Recent meta-analysis by Ndiaye and colleagues showed HPV prevalence of LSCC is 22.1% (95% CI 16.4-28.3) while another meta-analysis demonstrated that the prevalence was 26.8% or 20.3% depending on whether PCR-testing for HPV was utilized or not [6-7]. This is lower than the incidence of HPV (45.8%; 95% CI 38.9–52.9%) in OSCC in the same study [6]. This demonstrates selective uptake of HPV in oropharynx as compared to larynx, and further suggests that HPV is likely not a strong indicator of LSCC. The prevalence of LSCC in this study (16%) is lower than the two above-mentioned meta-analyses. This may represent an inherent selection bias, as only studies with survival outcome and HPV status were included. As a result, the external validity of the current literature needs to be questioned in terms of providing accurate survival data on LSCC in context of HPV.

Another explanation for the different prevalence of HPV is the heterogeneity between different regional populations. The prevalence HPV-positive LSCC of Chinese cohort is 10%, while the prevalence of the rest of the world is 20.3%. While others have shown similar heterogeneity, their reported prevalence is different to our study. Ndiaye, et al. (2014) show the prevalence of HPV is 28.3% in Asia and 18.8% in North America, while Gama, et al. (2016) show point estimate of 0.246 (95%CI: 0.201-0.298) in North America to 0.399 (95%CI: 0.323-0.479) [6-7]. The lower rates in the Chinese population may, to some extent, account for a higher smoking rate in China, compared to North America.

There was no difference noted between HPV-positive and HPV-negative LSCC in terms OS and DFS. However, there was significant heterogeneity noted in studies. As mentioned previously, the AJCC now considers HPV-positive and HPV-negative OSCC different disease entities [20]. This is because HPV-positive OSCC also has better survival outcomes compared to HPV-negative OSCC [23-25]. However, the same does not seem to follow for LSCC. The difference in HPV prevalence between oropharynx and larynx is still not completely well understood and it is uncertain why HPV affects OSCC and LSCC differently [26].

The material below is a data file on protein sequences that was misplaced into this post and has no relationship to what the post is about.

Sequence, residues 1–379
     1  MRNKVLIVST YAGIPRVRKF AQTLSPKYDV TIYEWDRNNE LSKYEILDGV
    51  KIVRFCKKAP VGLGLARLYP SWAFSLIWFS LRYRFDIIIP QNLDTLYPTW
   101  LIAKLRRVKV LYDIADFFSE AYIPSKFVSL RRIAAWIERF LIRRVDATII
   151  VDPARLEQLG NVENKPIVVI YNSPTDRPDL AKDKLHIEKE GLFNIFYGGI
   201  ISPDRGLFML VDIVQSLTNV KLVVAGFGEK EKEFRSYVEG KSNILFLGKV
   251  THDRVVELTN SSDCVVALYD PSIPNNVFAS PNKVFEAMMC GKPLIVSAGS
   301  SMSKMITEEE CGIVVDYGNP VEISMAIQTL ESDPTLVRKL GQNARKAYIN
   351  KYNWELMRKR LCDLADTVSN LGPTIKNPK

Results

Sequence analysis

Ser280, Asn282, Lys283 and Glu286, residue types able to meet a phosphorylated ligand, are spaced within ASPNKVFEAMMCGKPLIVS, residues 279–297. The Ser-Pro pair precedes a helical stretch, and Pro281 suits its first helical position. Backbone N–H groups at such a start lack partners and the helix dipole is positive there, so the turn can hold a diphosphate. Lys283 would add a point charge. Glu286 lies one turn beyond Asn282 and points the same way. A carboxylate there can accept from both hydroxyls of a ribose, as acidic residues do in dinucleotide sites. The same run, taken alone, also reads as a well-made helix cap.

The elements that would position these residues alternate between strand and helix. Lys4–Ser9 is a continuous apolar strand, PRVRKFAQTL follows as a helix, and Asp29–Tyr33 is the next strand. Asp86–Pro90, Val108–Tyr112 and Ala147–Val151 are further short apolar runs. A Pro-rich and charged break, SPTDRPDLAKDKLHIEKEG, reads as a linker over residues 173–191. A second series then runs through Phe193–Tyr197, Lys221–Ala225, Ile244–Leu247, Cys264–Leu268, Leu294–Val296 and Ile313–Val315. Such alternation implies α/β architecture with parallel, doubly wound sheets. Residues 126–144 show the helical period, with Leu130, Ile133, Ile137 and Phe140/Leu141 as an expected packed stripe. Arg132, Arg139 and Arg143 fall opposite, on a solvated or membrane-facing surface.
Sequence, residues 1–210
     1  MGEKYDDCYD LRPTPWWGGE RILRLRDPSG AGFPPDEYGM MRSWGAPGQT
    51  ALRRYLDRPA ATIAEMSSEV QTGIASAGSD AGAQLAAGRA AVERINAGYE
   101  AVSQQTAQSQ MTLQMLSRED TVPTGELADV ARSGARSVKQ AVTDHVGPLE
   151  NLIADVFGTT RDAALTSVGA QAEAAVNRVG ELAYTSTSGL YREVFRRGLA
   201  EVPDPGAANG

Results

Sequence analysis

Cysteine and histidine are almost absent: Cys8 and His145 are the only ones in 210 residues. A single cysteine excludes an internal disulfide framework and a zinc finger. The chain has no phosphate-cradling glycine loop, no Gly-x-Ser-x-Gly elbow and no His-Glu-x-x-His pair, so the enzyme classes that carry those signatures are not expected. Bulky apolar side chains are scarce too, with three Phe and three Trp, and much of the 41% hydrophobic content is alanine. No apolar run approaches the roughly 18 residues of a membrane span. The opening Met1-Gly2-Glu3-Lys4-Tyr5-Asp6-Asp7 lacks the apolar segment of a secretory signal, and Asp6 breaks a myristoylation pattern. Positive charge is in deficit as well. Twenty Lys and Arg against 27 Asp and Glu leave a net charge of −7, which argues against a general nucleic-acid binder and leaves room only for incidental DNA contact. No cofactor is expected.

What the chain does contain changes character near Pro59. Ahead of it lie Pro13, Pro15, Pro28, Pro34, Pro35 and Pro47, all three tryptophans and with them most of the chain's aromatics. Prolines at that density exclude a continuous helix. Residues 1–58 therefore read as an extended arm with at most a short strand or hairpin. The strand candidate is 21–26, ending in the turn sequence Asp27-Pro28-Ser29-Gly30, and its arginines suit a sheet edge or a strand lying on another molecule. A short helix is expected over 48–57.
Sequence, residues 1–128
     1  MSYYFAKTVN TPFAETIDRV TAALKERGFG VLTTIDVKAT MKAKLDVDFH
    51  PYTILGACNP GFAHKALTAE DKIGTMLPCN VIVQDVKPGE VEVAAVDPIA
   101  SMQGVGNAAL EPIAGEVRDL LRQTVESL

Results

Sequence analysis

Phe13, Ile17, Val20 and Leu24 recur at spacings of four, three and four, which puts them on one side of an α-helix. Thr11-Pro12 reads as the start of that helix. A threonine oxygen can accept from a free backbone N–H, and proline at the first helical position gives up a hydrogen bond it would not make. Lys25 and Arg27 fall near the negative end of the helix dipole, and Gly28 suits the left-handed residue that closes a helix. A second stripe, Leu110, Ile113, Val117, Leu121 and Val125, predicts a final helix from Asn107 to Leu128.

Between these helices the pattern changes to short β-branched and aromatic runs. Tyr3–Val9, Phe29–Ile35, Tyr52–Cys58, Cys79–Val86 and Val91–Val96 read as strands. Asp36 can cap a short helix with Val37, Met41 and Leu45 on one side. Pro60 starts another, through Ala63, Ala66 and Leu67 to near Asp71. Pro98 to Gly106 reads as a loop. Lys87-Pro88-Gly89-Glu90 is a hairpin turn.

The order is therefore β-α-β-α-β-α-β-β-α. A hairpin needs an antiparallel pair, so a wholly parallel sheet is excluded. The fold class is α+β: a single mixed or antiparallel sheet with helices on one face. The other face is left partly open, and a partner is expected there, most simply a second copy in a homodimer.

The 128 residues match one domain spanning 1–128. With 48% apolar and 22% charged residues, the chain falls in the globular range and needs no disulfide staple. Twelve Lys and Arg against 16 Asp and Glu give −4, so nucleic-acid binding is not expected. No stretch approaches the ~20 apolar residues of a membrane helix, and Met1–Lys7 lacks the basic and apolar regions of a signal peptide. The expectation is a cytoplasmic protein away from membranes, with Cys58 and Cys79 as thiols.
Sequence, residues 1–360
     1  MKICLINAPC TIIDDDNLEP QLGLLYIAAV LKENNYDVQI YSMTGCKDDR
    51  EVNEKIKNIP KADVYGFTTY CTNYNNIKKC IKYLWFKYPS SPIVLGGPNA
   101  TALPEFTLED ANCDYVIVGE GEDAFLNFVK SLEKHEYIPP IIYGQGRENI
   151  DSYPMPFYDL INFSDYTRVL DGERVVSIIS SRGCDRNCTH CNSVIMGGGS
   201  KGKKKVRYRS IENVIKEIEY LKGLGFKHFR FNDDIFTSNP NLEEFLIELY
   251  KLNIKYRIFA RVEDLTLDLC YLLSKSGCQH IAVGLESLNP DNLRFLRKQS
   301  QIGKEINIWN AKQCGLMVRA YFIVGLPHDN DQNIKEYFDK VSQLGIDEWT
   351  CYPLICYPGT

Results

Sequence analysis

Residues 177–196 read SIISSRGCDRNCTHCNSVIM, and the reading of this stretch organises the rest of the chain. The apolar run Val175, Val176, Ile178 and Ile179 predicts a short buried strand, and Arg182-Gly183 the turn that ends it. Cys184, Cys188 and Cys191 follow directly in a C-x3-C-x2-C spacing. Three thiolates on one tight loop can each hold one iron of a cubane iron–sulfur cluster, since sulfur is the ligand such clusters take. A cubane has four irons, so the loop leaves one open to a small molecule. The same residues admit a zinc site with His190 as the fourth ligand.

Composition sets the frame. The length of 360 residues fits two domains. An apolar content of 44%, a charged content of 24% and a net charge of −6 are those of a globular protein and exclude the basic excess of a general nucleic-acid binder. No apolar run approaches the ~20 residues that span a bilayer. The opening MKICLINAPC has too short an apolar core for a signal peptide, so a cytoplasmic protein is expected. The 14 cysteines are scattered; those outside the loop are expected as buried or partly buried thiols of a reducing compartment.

There is significant regional variation in LSCC survival. This is most pronounced in the fifth year post-diagnosis, where there is a significant difference between the stratified cohorts (Table 4). As mentioned above, Xu, et al. attribute the low prevalence of HPV in Chinese cohorts to high rates of smoking within China which may explain the variability in terms of prevalence and survival of LSCC patients in Chinese cohort [27]. Furthermore, the variability also raises the concern regarding the external validity of various studies performed across the many centers around the world and calls for investigation of the cause of this difference. More molecular and epidemiologic studies are needed to evaluate the relationship of HPV and laryngeal cancers [26].


This meta-analysis is limited by the number of studies with adequate data to allow for sub-analysis of outcomes and further multivariate analysis. There were also a limited number of studies from various regions of the world, with North American and Chinese studies accounting for most of the cohort of our meta-analysis. Further research is required to better assess survival outcome of LSCC based on HPV status.


This is the first meta-analysis to compare HPV-positive LSCC with smoking and alcohol-related LSCC and compare survival outcomes. This is the largest laryngeal meta-analysis looking at survival outcomes in laryngeal SCC with 2578 cases. Even though the study showed heterogeneity across regions in the world, particularly North America and China, the study showed that unlike oropharyngeal squamous cell carcinoma, HPV-positive LSCC does not have a better survival outcome compared to smoking and alcohol-related LSCC.


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Original article

Laryngeal Squamous Cell Carcinoma Survival in the Context of Human Papillomavirus: A Systematic Review and Meta-analysis

Author Information

Navid Ahmadi Corresponding Author

Faculty of Medicine, UNSW

Nima Ahmadi

Colorectal Surgery, Royal Prince Alfred Hospital

Michael V. Chan

Department of Radiology, Concord Hospital

Ya Ruth Huo

Faculty of Medicine, UNSW

Niranjan Sritharan

ENT Department, Nepean Hospital, Kingswood, AUS

Ronald Chin

ENT Department, St. George Hospital, University of Sydney, Sydney, AUS

ENT Department, Nepean Hospital, Kingswood, AUS

Ethics Statement and Conflict of Interest Disclosures

Human subjects: Consent was obtained by all participants in this study. Animal subjects: All authors have confirmed that this study did not involve animal subjects or tissue. Conflicts of interest: In compliance with the ICMJE uniform disclosure form, all authors declare the following: Payment/services info: All authors have declared that no financial support was received from any organization for the submitted work. Financial relationships: All authors have declared that they have no financial relationships at present or within the previous three years with any organizations that might have an interest in the submitted work. Other relationships: All authors have declared that there are no other relationships or activities that could appear to have influenced the submitted work.

Original article

Laryngeal Squamous Cell Carcinoma Survival in the Context of Human Papillomavirus: A Systematic Review and Meta-analysis